Despite the scale of rural urban migration, many city and local governments fail to consider it in urban development planning (IOM, 2015). In many countries, migration is seen as contributing to shortages of adequate housing, basic infrastructure and services (Tacoli et al., 2015). Thus the motivation of this research is to evaluate the programmes on social amenities and projects on educational, medical, goods, electrification and other infrastructures to bring development and quality of life to the rural Ogoni people, but still immigration of the youths are on the high side, which stands as the problem this study intend to unravel.
1.3 Objectives of the Study
The main objective of the study is to examine the effect of urban migration on rural development in Ogoniland in Rivers State (2000-2018). The specific objectives are as follows:
1. To identify the trends of rural urban migration in Ogoniland for a period of 18 years starting from 2000 to 2018.
2. To analyze the socio economic impact of this urban migration on rural communities.
3. To evaluate the role of the government of Rivers State in monitoring, controlling and managing the urbanization rate and its impacts in the country.
4. To evaluate challenges encountered by migrants on the process of moving from rural communities to urban cities.
1.4 Research Questions
1. What are the trends of rural urban migration in Ogoniland for a period of 18 years starting from 2000 to 2018?
2. What is the socio economic impact of this rural-urban migration?
3. What are the roles of the government of Rivers State in monitoring, controlling and managing the urbanization rate and its impacts in the country.
4. What are the challenges encountered by migrants on the process of moving from rural communities to urban cities?
1.5 Research Hypotheses
To guide the following research hypotheses were formulated;
HO: There is no significant relationship between urban migration and rural development.
1.6 Theoretical Framework
Push-Pull Theory (Ravenstern, 1889)
This study is based on the “push-pull theory which is used as a guide for this study. The theory was postulated by Ravenstern (1889), who analyzed migration in England using data from the 1881 census of England and Wales. This theory suggests that people move out of their location because they are pushed out, while others move because of forces pulling them from their location to a new one.
Ravenstern further concluded that pull forces were more important than push factors. As he puts it, “bad or oppressive laws, heavy taxation, an unattractive climate, uncongenial social surroundings, and even compulsion (slave trade, transportation), all have produced and are still producing currents of migration, but none of these currents can compare in volume with that which arises from the desire inherent in most men to better themselves in materially (Onokerhoraye, 1985). Thus, it is the desire to move more than the desire to escape an unpleasant situation that is most responsible for the voluntary migration of people, at least in the late nineteenth century England.
Theory of Intervening Opportunity (Stouffer, 1940)
Similarly, Stouffer (1940) in is theory of Intervening opportunity” looks not at the size of settlements or the distance between them, but at perceived opportunities between them; maintaining that the amount of migration over a given distance is directly proportional to the number of opportunities at the point of destination, but inversely proportional to the number of opportunities between the point of departure and the destination.
1.7 Research methodology
Population of the Study
Population of the study area 1,276,200 (NPC 2016). It includes all males and females from 14 years and above, who are rural-urban labour migrants in River state of Nigeria. The study covers from 200 to 2018.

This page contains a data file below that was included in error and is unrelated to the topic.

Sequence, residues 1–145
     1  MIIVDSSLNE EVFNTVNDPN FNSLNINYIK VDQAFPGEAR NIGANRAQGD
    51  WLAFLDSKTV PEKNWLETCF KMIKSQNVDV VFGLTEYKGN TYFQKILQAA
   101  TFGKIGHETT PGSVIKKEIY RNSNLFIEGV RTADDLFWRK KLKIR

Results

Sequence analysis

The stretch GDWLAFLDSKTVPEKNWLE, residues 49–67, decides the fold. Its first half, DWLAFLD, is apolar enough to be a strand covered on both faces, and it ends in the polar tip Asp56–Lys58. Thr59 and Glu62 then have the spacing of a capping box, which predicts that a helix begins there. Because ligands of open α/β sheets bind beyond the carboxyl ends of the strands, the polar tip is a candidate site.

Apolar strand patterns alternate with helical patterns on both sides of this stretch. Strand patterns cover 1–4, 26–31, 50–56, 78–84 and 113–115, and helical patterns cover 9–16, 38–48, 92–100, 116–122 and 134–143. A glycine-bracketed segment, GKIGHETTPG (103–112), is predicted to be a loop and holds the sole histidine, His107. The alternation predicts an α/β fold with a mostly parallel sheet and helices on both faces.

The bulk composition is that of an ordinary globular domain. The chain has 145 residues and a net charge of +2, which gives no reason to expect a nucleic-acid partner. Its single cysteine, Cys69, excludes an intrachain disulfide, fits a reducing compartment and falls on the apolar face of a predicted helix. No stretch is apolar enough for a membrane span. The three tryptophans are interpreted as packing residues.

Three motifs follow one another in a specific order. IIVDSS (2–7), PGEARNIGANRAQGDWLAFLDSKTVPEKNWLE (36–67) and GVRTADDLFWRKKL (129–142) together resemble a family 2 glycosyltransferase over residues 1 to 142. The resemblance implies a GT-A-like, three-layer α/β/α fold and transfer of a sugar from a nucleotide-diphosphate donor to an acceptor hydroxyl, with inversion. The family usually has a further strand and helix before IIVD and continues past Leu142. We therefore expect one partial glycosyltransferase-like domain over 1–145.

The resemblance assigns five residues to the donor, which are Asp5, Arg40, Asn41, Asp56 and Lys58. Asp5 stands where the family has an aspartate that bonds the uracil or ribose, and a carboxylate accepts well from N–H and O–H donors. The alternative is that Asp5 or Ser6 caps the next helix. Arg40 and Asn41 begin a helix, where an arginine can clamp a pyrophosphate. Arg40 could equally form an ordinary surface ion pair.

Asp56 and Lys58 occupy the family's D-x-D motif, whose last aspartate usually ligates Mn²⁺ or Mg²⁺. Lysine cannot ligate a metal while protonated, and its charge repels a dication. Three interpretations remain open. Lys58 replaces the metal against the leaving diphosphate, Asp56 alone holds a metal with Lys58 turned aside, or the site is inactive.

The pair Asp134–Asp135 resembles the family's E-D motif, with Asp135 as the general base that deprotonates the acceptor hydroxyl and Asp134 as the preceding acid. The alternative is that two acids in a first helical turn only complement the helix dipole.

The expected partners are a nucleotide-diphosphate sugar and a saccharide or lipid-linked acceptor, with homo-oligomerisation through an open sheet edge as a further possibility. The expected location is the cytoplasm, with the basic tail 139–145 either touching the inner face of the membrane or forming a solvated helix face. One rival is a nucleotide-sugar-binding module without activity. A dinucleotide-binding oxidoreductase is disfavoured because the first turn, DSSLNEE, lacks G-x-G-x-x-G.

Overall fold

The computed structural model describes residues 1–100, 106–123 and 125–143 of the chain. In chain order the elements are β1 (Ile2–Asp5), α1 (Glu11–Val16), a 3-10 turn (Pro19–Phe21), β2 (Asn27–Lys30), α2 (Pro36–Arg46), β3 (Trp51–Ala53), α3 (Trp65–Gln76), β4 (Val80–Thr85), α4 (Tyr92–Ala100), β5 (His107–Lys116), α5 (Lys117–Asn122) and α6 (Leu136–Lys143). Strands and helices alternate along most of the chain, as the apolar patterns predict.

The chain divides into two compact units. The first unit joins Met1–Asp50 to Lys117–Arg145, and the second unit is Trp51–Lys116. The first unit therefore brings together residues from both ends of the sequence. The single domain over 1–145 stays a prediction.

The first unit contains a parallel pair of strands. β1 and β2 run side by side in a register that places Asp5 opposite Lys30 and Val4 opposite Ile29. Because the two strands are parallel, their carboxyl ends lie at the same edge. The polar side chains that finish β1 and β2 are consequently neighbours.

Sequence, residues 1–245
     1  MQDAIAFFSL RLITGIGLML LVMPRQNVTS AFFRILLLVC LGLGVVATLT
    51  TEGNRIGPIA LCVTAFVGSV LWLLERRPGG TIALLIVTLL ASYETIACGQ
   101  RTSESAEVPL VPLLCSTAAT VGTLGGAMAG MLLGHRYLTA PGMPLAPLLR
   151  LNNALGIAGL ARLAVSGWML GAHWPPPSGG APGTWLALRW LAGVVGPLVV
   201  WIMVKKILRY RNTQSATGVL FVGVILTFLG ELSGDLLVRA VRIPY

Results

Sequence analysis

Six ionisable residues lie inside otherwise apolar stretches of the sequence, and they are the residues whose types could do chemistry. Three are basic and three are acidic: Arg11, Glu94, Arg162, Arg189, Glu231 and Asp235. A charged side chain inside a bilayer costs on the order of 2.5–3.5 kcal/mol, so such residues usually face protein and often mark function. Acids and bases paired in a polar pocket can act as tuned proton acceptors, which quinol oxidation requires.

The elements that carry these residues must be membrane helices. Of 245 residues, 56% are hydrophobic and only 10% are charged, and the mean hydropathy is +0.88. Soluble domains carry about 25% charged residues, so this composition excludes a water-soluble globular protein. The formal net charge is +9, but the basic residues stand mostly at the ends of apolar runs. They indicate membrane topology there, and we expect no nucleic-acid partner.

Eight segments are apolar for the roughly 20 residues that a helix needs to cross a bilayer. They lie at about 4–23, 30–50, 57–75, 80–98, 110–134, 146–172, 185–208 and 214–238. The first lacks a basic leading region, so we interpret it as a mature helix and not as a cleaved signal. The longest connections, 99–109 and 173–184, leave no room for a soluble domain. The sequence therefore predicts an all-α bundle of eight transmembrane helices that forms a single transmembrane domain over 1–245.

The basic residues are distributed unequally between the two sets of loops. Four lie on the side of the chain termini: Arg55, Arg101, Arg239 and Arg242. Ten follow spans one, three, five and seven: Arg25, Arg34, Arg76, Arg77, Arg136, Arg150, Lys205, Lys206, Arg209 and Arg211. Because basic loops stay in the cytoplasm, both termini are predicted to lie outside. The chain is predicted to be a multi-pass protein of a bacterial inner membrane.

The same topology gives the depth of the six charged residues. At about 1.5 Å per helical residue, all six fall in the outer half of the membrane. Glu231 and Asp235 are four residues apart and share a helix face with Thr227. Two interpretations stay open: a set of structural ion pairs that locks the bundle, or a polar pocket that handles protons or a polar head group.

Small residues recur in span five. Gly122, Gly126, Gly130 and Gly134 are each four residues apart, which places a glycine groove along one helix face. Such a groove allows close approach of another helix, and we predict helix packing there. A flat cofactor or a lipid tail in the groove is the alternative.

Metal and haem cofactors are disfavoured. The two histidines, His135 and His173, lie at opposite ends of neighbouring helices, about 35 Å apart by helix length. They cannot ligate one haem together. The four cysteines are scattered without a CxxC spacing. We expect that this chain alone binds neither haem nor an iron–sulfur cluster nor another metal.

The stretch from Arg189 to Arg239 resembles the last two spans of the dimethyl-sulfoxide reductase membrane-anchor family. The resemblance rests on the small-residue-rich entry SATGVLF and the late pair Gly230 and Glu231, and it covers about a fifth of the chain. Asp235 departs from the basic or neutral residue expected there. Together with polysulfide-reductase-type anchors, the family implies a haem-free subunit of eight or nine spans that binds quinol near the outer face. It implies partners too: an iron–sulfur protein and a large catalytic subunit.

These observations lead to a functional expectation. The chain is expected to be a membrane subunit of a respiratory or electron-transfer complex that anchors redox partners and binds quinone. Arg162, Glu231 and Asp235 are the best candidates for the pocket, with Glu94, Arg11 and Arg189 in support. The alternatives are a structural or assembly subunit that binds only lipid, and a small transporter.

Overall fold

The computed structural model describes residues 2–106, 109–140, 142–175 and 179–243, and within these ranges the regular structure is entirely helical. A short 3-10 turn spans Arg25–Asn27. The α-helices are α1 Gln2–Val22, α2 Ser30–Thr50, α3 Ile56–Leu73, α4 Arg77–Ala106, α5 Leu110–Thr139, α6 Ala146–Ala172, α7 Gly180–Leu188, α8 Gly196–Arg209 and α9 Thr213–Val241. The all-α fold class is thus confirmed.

S/N Local Governments in Ogoni No. of Population
1 Khana 411,500
2 Gokana 328500
3 Eleme 367200
4 Tai 16900
Source: National Population Commission of Nigeria, National Bureau of Statistics, (2016).
Sampling Technique and Procedure
Simple random sampling technique was used in selection of 150 samples for the study. In the selection process, the researchers went to Port Harcourt Metropolis where significant proportions of rural-urban labour migrants in the state are found. Through rapport with the population, the researcher was able to meet and gather people who migrated from Ogoni to Port Harcourt, River state. The purpose of the study was explained to them and asked for their permission to be part of the study. Afterwards, people who accepted to be part of the study went through a process of selection. The researcher wrote “Yes” and “No” on pieces of paper, folded and dropped in a bag. The population was asked to pick the folded papers. Those who picked “Yes” were selected for the study.
Method of Data Collection
The primary method of data collection will be adopted. Questionnaires were used to collect data for the study. The procedures for data collection involved the researcher engaging research assistants and training them on how to distribute questionnaires. After the training, researcher and their assistants began the administration of the questionnaires by moving to the locations in person and administering them, having face to face contact with the respondents. Respondents were given a minimum of one (1) and maximum of one week for completion of the questionnaires. After the expiry of the time, the questionnaires were collated for presentation and analysis.
Method of Data Analysis
Analysis of data involved the use of descriptive statistics and analytical tables. Thus, the simple percentages were used to determine frequency of opinion of the respondents.
1.8 Limitation of the Study
The study was limited by the following:
The level of frankness in response to questions by the respondents is quite doubtful.
Finance: Accessing fund for the research work as difficult and this limited the quality of research activity.
Time: The time allocated to the research work was not sufficient to give room for further intensive work on the field of study.
Organization Policy: Policies of the organization limited the level of information received. The personnel of the firms were not willing to give information, stating that it was against the organization’s policy.
1.9 Significance of the study
The issue of rural urban migration and the resulting economic, social and demographic changes has been of significant focus of the literature.
Study outputs are important as they will contribute to the growing literature on rural to urban migration both in the region and the country at large. It is also going to help the government to understand why citizens are emigrating and therefore craft the necessary policies and strategies necessary to reduce this problem. Stakeholders who will benefit from this study include organizations, local government, state government other related ministries.